The audience couldn’t resist, of course. Soon the floor was dancing wildly. Woodward had realised he was a singer, a performer, a soloist who needed a band as support. The Senators had replaced a talented cover artist with the real thing. The beginning of success – and the stresses that involves.

The band soon acquired a manager. They toured widely across south Wales, expanded their repertoire (Jones was never a strict rock ’n’ roll artist, and his extensive record collection contained discs by the likes of Brook Benton, Ray Charles, and Chuck Jackson) and singer Tom softened his look from Teddy Boy to Gene Vincent-inspired leather. The Senators became The Squires and Tommy Woodward became Tommy Scott (‘The Senators, with twisting Tommy Scott’) and subsequently Tom Jones – an Everyman from Wales, for the world. Those who have read other Tom Jones biographies will be familiar with the story of his leaving his job at the Treforest paper mill, meeting manager Gordon Mills, releasing a first single, charting with a second, winning a Grammy and moving to London and, later, Las Vegas.

Hopkins litters the oft-told story with wry anecdotes. The prose is ordinary, even cornily homespun at times, but the stories, about working with local comic Bryn the Fish and getting royally shat on while spending the night in a pigeon coop, raise a chuckle or two. The chatty, casual tone disguises a simmering – even seething – resentment. ‘Tom was always out for Tom and inevitably left in his slipstream a trail of callous and ruthless decisions that adversely affected those around him,’ Hopkins tells us. But this is probably true of all single-minded artists. He alludes to Jones’ extroversion and talent for picking up girls, though he was married with a young son. But Jones was twenty-tow and catching up on two years of teen angst – he’d been bedridden during puberty due to tuberculosis – when he joined The Senators. In some ways, Just Help Yourself is a torn book: Hopkins wants to celebrate his own career, but knows Jones is going to be his readers’ main interest; he wants to be nostalgic about his musical roots and friendships, including with Tom Jones, but has to tell us that he ends up playing in the Costa del Sol, no doubt watching The Voice and wondering what might have been. Of the book’s 350 pages, more than 300 are given over to The Squires. The remainder tries to breeze through the denouement that followed the break-up reported to Hopkins not by Jones or any manager but by a daily newspaper as an ‘amicable split’ – but you can’t breeze through a long life.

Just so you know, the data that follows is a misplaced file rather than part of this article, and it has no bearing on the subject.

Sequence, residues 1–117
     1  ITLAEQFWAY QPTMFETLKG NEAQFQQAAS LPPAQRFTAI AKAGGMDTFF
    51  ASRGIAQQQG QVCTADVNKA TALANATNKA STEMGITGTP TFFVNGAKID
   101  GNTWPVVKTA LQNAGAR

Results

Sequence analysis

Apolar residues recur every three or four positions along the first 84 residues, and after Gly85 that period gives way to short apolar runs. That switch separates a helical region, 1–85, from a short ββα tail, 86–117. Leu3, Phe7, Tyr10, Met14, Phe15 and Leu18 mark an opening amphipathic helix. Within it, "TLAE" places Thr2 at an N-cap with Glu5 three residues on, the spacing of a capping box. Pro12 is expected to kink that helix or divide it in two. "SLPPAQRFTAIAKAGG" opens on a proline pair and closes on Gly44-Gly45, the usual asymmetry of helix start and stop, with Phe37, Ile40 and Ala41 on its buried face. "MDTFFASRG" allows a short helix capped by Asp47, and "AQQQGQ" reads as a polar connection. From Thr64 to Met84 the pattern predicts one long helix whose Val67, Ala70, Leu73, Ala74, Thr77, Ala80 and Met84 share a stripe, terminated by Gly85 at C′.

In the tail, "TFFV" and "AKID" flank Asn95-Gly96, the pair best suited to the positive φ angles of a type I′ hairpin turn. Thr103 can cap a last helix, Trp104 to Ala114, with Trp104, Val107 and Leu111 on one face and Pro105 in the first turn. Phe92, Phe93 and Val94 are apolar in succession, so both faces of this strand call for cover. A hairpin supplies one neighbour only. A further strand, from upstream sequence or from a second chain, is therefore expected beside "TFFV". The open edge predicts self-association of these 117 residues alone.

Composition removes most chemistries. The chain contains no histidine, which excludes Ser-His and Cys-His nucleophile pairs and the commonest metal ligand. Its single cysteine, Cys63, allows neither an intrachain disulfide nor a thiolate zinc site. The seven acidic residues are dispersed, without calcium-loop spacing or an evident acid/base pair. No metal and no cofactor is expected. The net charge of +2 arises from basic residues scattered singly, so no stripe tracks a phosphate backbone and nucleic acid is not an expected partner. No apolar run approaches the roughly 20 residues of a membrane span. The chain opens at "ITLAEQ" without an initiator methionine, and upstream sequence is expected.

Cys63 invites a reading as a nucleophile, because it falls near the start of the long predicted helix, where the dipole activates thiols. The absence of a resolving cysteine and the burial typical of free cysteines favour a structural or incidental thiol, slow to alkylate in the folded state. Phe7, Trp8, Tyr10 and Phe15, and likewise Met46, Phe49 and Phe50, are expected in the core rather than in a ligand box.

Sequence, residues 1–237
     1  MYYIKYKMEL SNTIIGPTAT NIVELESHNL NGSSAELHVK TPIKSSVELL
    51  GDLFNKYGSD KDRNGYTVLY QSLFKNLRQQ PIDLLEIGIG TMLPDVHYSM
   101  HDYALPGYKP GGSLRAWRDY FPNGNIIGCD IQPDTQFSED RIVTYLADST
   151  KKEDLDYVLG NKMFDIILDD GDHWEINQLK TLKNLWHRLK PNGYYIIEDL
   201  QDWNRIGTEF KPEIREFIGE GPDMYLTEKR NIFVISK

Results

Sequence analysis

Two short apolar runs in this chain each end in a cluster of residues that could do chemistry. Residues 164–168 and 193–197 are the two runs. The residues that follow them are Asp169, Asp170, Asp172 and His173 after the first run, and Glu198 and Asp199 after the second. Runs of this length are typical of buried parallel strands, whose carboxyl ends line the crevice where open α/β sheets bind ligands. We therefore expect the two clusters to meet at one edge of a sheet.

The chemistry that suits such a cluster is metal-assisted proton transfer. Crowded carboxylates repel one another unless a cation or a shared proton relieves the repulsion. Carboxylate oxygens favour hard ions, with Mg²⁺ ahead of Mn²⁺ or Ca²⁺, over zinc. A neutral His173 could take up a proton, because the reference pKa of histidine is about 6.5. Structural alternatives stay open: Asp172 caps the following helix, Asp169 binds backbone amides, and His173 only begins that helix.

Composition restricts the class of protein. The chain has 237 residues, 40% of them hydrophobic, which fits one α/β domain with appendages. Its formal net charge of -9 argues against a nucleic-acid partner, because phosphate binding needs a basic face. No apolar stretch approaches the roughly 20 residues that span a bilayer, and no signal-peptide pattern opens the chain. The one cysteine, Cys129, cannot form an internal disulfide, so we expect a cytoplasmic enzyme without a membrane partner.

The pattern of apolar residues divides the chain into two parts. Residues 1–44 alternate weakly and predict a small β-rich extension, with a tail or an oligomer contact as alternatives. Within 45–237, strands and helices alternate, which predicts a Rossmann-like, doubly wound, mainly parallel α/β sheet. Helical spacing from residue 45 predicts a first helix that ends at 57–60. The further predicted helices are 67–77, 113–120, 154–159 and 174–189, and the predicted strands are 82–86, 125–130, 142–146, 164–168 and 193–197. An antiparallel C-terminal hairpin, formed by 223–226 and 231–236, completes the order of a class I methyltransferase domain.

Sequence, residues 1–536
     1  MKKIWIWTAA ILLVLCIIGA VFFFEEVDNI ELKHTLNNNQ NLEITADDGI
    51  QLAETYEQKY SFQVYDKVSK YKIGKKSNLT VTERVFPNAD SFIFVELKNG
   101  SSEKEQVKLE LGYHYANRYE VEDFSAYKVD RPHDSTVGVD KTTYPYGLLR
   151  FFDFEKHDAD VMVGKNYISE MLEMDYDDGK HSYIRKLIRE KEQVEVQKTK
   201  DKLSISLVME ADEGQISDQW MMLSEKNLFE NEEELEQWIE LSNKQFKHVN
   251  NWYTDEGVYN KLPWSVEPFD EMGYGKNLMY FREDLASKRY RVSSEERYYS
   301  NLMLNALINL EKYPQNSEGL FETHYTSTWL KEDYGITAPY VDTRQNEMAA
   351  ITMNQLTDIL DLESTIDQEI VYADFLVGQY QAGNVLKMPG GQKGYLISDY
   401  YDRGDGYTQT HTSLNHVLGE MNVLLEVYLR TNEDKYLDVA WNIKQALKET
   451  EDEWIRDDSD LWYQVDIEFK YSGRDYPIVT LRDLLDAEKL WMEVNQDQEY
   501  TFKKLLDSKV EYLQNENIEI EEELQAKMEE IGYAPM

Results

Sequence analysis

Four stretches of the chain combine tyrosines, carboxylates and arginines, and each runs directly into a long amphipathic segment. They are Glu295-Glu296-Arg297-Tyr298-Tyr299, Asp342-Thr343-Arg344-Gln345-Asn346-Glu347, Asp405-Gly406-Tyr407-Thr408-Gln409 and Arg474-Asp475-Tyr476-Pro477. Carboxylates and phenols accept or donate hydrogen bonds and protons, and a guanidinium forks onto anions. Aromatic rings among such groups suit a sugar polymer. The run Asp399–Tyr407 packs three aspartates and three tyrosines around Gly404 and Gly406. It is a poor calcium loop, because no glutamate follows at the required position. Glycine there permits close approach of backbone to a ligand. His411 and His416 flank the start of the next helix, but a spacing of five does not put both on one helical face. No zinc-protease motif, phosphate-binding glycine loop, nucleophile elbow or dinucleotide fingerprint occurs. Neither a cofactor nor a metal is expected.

Originally released by Swansea-based ‘revenue share’ publisher Iponymous in 2012, this memoir engages for its candour and also for the fact that failure, or being an also-ran, is far more interesting than mega-success. Celebrities are like empty spaces, mediated into oblivion. Hopkins still connects with the young lad who picked at his first guitar, dreaming of stardom – he kind of made it, and his story is, in the end, more universal than that of his one-time bandmate, sometime buddy, now rich and very remote.

Chris Moss is a travel writer and journalist.